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The Shabas table song "Ki eshm'ra Shabas" includes the following stanza:

רָשׁוּם/רָשַׁם בְּדַת הָאֵ׳ חוֹק אֶל סְגָנָיו בּוֹ לַעֲרוֹךְ לֶחֶם פָּנִים בְּפָנָיו עַל כֵּן לְהִתְעַנּוֹת בּוֹ עַל פִּי נְבוֹנָיו אָסוּר לְבַד מִיּוֹם כִּפּוּר עֲוֺנִי

It is written/He wrote in the law of God a rule for his lieutenants: to set showbread before Him on [Shabas]. Therefore, to fast on [Shabas] is by the decree of His wise ones forbidden: but for Yom Kipur.

In other words, there's a rabbinically-instituted ban on fasting on fast days if their dates happen to fall on Shabas; on Yom Kipur, however, which is Biblically rather rabbinically declared, there's no such ban, and one may [in fact must] fast.

Rabbi Yaakov Emden's sidur explains:

כתוב בתורת ה׳ (ויקרא כד ח) מצוה לכהניו לסדר בשבת לחם הפנים לפניו על השלחן בביהמ״ק ולסלק הלחם המונח משבת העבר ולאכלו בשבת ולכן אסור מד״ס לצום בשבת וכשחל בו יו״כ חובה לצום

Written in God's Torah (Lev. 24:8) is a command to His kohanim to set the showbread on the table before Him on Shabas, and to remove the bread sitting there from the previous week and eat it on Shabas. Therefore, it's forbidden by rabbinical decree to fast on Shabas. But when Yom Kipur falls on [Shabas], there's an obligation to fast.

(Translations are my own, and somewhat loose.)

Two questions:

  1. Why extend the obligation to eat the showbread to a general ban on fasting? What does one have to do with the other?
  2. Is there any source other than this song for saying that the ban on fasting on Shabas is derived from the laws of the showbread? [I've always understood that the ban on fasting on Shabas derives from the rules of oneg Shabas.]
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This question has an open bounty worth +400 reputation from msh210 ending in 4 days.

Looking for an answer drawing from credible and/or official sources.

ShA OC 288 does sound like it's due to oneg, as you say. (from the din of taanit chalom on shabbat having to fast extra on sunday for breaking 'oneg') – Double AA Jun 10 '12 at 8:07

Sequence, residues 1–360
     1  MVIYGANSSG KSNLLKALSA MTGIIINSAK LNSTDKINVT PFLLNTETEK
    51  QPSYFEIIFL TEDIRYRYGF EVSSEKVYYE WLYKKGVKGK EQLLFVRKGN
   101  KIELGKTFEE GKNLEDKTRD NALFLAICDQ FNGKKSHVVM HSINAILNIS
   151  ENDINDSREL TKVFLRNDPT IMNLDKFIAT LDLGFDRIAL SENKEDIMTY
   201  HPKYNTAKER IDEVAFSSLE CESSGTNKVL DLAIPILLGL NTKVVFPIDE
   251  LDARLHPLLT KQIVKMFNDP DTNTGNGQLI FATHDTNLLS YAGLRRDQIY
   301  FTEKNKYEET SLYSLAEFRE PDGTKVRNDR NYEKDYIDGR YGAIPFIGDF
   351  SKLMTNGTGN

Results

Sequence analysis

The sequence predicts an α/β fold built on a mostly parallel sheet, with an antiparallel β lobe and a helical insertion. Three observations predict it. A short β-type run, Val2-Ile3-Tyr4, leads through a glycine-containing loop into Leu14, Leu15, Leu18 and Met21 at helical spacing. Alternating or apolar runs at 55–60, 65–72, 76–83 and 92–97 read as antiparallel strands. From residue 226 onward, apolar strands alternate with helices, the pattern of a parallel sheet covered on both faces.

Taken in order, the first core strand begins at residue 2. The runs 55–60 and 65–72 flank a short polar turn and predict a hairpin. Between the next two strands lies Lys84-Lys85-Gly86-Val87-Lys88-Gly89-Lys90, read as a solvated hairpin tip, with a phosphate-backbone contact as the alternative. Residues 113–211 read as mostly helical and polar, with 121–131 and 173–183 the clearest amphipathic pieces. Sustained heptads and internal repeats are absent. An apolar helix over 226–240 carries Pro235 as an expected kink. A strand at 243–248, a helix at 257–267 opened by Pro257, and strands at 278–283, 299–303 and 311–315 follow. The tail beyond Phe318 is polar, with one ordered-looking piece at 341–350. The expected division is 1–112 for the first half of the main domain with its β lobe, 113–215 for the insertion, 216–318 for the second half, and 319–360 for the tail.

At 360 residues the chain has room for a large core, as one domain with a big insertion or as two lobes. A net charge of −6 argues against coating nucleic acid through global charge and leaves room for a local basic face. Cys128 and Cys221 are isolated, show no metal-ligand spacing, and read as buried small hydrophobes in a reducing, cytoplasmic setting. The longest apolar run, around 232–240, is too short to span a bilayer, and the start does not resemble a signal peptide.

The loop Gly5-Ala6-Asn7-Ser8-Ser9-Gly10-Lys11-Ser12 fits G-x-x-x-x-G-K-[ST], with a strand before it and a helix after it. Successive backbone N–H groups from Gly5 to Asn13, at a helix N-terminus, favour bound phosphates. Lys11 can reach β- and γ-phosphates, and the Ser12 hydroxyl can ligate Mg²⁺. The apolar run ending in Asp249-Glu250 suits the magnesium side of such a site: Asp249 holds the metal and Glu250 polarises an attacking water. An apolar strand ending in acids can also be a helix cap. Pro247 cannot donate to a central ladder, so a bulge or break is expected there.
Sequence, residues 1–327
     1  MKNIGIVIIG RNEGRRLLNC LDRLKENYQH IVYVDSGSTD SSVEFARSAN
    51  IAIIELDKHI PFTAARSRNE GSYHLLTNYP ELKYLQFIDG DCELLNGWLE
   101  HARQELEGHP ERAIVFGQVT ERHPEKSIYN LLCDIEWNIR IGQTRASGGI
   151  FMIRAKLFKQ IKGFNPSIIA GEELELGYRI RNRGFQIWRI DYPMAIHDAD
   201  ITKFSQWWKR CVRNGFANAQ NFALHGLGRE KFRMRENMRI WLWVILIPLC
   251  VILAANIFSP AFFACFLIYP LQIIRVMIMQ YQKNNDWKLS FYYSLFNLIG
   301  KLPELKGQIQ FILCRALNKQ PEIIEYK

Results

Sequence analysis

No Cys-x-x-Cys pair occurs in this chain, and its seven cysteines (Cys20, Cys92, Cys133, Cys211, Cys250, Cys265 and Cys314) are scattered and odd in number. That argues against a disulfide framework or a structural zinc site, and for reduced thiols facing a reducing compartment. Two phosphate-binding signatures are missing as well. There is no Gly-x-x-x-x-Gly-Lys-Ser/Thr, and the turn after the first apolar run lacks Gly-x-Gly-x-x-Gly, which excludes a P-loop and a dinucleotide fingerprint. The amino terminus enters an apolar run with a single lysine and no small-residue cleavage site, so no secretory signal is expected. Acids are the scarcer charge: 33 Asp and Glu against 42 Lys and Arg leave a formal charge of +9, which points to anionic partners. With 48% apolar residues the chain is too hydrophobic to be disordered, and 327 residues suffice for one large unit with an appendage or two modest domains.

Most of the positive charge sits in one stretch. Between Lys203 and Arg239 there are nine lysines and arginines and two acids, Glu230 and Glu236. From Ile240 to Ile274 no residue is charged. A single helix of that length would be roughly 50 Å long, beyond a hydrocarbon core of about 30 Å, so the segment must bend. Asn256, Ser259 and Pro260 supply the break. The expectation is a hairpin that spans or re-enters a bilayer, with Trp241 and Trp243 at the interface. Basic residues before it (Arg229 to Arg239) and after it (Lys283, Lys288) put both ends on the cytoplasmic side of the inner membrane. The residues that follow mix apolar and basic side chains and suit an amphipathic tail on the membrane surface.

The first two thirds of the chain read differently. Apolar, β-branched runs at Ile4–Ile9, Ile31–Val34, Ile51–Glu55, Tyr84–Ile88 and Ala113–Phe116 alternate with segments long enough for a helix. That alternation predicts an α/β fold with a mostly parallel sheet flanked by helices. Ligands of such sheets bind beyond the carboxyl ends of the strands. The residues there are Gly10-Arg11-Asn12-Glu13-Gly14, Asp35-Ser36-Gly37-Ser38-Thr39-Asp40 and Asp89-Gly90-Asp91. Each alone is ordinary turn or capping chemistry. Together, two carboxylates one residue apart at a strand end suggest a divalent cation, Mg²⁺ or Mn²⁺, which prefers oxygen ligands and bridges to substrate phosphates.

I'm not sure that this commentary is from R. Yaakov Emden, actually; I don't see these zemiros at all in the first edition of his siddur. (The printers of the later editions, published under the name Beis Yaakov, added a lot of material from other sources; in their introduction they list some - but not all - of these. The Eshkol edition distinguishes them by printing all of the additional material in a different typeface; I'd have to look there to see which one they use for this.) – Alex Jun 11 '12 at 0:40
@Alex, ah, good to know: thanks. I found this commentary in a popular modern version of his sidur and assumed it was his. In any event, my question stands according to whoseever commentary it is, even if that's not Rav Yaakov Emden. – msh210 Jun 11 '12 at 0:43
This is interesting, because I thought three meals is a Biblical requirement – Ypnypn Sep 10 at 3:35

1 Answer 1

There are actually many version of the wording. The correct one seems to be גם להתענות = ALSO fasting....

According to this version there is no connection between the two parts.

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But R' Emden doesn't have that version. His explanation moreover clearly indicates a connection between the two things. – msh210 Jun 10 '12 at 14:32
...and, besides which, editing into your answer your basis for saying "גם להתענות" is seems to be "[t]he correct" version would much improve your answer's value. – msh210 Jun 10 '12 at 16:20
This does not provide an answer to the question. To critique or request clarification from an author, leave a comment below their post. – Danny Schoemann 2 days ago

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